• Rustantio

    Fr. William Johnston, SJ books series, it lovely intercultural mysticism research all so,
    http://www.monasticdialog.com/au.php?id=232

    William Johnston, SJ, is a Jesuit theologian who has written extensively on Zen and Christian contemplation. He is based at Sophia University in Tokyo.

  • http://heartofflame.blogspot.com Yewtree

    @ Paul – yes I could order it from Amazon.com

    Christian occultism was influenced by Kabbalah in the Renaissance, but that’s obviously 1500 years after the period in question. There was also a lot of interplay between the 3 monotheisms in the Muslim period in Spain.

  • http://heartofflame.blogspot.com Yewtree

    For the benefit of any other UK readers, it turns out it’s only about £1 more expensive to order the book via Amazon.com.

    The book price is $14, which is £10, and postage is £5, whereas the price for the book on Amazon.co.uk is £14.

    So I will review it when I get round to reading it, which will be when I finish Karen Armstrong’s A History of God.

    • http://www.patheos.com/blogs/carlmccolman/ Carl McColman

      Thanks for the tip. And if anyone wishes to order it via Amazon.com, please use the following link, as it will generate a modest commission for me: http://www.tinyurl.com/BBOCM-CM

      Thanks!

  • Rustantio

    Mr Carl, i am waiting for Indonesian version of The Big Book of Christian Mysticism
    The popular Indonesian Catholic publisher is Kanisius. http://www.kanisiusmedia.com.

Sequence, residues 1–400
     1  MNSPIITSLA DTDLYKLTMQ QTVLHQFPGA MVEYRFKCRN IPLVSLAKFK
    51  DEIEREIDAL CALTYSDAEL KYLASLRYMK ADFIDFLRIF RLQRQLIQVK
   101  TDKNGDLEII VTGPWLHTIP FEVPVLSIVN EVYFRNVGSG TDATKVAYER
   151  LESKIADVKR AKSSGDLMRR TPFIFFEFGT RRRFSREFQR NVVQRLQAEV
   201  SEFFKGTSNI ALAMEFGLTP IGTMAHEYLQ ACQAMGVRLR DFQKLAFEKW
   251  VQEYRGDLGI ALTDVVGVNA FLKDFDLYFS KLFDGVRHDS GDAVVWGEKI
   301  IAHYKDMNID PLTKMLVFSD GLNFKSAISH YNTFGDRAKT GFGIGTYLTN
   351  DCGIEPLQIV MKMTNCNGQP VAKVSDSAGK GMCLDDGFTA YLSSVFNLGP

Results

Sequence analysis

Open Mind Open Heart by Thomas Keating and Teology Mistic by William Johnston has been translated in Indonesian by Kanisius, i hope your book is soon as posible :)

  • http://christcenteredprayer.com sandy casey-martus

    what makes christian mysticism “christian” is the way/path/life process of transformation in christ, jesus (personal/historic) and beyond to the mystery the impersonal…jesus called (abba) and beyond even that. one aspires to the consciousness of one’s master and attains that consciousness and transcends even its finest relative value. this is not the rejection of any piece of the tradition rather the acknowledgment that there is certainly “reality” that is beyond the mind’s ability to reflect or any sense experience. consciousness rises in awareness. one can be aware of consciousness and that one is conscious, but one cannot be “conscious of awareness. ” for christians (note.. this is not to be arrogant…just practical and functional…one who has chosen a christian path and been initiated into that path and chosen to commit to that path, teacher etc…i am speaking now of an adult decision) christ consciousness may be realized (often through contemplative practices over time with fidelity, commitment, determination etc…)as a gift. as such it is received not acquired. there is no reason for the divine to with hold. preparation is necessary, readiness, and willingness to “go the mile” of total surrender of the personal sense of an individual separate “self.” when this is realized (from within not in reading books) the “mystic” is simply a realized expression of the divine living an extraordinary and compassionate life in a most ordinary way …depending on call.
    take care and good to chat…my first time…